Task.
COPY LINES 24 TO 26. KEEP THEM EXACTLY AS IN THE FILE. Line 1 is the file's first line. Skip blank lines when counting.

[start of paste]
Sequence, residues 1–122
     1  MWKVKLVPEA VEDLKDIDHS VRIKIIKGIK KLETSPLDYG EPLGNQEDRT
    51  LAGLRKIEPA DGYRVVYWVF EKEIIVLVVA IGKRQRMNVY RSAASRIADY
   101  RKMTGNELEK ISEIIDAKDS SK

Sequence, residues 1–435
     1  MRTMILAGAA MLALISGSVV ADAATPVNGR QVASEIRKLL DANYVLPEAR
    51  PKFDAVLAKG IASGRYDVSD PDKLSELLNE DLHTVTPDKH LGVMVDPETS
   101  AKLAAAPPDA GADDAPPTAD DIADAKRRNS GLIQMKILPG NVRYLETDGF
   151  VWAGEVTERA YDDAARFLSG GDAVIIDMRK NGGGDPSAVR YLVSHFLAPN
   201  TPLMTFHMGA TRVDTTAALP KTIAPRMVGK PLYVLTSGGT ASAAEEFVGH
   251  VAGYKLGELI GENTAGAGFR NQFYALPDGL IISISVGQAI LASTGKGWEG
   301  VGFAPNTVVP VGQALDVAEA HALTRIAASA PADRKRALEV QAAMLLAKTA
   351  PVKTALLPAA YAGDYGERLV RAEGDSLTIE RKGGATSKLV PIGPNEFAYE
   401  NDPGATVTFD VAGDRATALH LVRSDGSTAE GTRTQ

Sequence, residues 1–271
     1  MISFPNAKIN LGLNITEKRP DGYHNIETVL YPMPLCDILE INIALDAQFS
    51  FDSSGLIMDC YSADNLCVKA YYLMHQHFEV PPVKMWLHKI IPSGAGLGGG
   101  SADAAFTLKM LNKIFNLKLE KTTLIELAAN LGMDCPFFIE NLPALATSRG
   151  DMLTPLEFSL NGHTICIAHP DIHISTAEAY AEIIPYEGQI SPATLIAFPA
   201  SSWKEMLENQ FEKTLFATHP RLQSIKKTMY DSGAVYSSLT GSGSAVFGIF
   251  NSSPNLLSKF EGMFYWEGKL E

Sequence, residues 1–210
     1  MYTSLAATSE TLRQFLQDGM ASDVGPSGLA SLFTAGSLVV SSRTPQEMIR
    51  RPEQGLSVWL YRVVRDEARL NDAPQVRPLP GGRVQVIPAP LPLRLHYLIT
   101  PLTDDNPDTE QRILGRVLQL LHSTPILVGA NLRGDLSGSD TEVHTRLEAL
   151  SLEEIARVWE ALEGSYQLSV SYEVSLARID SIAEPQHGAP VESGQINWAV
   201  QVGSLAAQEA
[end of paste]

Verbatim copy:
    51  RPEQGLSVWL YRVVRDEARL NDAPQVRPLP GGRVQVIPAP LPLRLHYLIT
   101  PLTDDNPDTE QRILGRVLQL LHSTPILVGA NLRGDLSGSD TEVHTRLEAL
   151  SLEEIARVWE ALEGSYQLSV SYEVSLARID SIAEPQHGAP VESGQINWAV